By Lanesha Townsend
Every married person knows not to cheat, to be honest and to be there for their partner through the best of times and the worst. But most the happiest couples know that there are also some unspoken rules that are just as vital for growing stronger as a couple.
1. Don’t criticize your partner’s parents or friends. You know how it is-your family can tick you off but no one else had dare speak ill of them. That’s why you should tread carefully with your in-laws and your husband’s dearest friends. “Even when they’re venting to you, your contributions can put your spouse on the defensive,” explains LeslieBeth Wish, EdD, a Florida-based psychologist and licensed clinical social worker.
2. Tell your spouse about any ex encounters. Whether you get a Facebook friend request or run into an old flame at your kid’s soccer game, keeping the news to yourself could backfire, despite having zero feelings for the ex. “If there’s nothing to hide, why hide it?” says Deb Castaldo, PhD, a couples and family therapist and professor at Rutgers University School of Social Work in New Brunswick, NJ.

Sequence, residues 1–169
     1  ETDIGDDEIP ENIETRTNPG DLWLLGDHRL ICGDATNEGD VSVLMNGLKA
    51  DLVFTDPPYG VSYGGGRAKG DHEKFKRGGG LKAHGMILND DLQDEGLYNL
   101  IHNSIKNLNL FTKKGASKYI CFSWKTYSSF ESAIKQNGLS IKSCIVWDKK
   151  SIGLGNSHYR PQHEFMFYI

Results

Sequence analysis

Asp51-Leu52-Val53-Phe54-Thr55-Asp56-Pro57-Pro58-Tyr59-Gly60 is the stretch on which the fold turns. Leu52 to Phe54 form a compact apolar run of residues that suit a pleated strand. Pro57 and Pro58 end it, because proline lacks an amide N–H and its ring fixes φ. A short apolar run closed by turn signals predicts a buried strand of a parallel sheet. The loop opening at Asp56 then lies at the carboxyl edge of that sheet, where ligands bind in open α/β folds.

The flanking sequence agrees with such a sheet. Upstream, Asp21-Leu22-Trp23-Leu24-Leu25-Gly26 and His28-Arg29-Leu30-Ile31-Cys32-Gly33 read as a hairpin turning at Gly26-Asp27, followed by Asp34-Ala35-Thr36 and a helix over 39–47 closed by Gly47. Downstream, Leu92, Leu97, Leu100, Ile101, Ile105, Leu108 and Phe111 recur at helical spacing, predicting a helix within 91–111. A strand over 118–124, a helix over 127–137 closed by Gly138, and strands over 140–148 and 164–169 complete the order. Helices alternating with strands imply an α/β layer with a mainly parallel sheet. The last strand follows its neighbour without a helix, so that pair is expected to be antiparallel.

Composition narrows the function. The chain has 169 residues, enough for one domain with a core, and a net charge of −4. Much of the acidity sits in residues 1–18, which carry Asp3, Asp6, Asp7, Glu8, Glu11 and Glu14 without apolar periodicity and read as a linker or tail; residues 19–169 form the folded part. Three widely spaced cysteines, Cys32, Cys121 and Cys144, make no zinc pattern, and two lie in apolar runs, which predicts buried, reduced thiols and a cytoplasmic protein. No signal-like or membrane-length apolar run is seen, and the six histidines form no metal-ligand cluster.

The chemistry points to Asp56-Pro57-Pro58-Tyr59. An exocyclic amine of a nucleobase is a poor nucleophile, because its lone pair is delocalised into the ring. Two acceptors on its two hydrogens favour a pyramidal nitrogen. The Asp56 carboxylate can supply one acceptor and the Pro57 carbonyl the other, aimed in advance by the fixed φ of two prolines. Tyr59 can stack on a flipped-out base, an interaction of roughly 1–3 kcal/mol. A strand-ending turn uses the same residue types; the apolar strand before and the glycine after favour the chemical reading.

3. Keep unsolicited advice to yourself. Offer your support, lend your ear, but avoid speaking in an “I know what’s best” tone. “We give advice because we’re trying to be helpful, but it’s seen as criticism when we offer too many corrections,” says Harriet Lerner, PhD, clinical psychologist and author of Marriage Rules: A Manual for the Married and the Coupled Up. Give your spouse space to make decisions and gain confidence through trial and error-and ask that they do the same for you, says Dr. Lerner. “What matters in a relationship is not that things get done ‘right,’ but that two people are dedicated to contributing to each other’s happiness.”
4. Don’t take charge all the time. ”The spouse who does the rescuing can become tired of that role,” says Dr. Wish–and resentful.” Get in the habit of asking your partner, “What do you think works best here?” or telling them, “I could use a hand cleaning out the pantry.” These requests will foster the idea that you’re teammates.
5. Choose your battles, but don’t stifle your feelings. “There’s going to be toothpaste globs here and Post-it notes there; that’s human nature,” says Dr. Wish. “You have to be able to say, ‘this isn’t important.’” Or if it is, speak up. “Tell your partner why it bothers you and that you’d like to work on a solution,” suggests Dr. Wish. You’d be surprised what you could learn about each other. For instance, your spouse may not leave dirty dishes in the sink anymore if you explain that your childhood home was piled high with plates and you were stuck washing them. A simple request like: “Honey, it’d be great if you could pick up the dry cleaning while you’re out” beats getting mad that they didn’t offer to help with errands.
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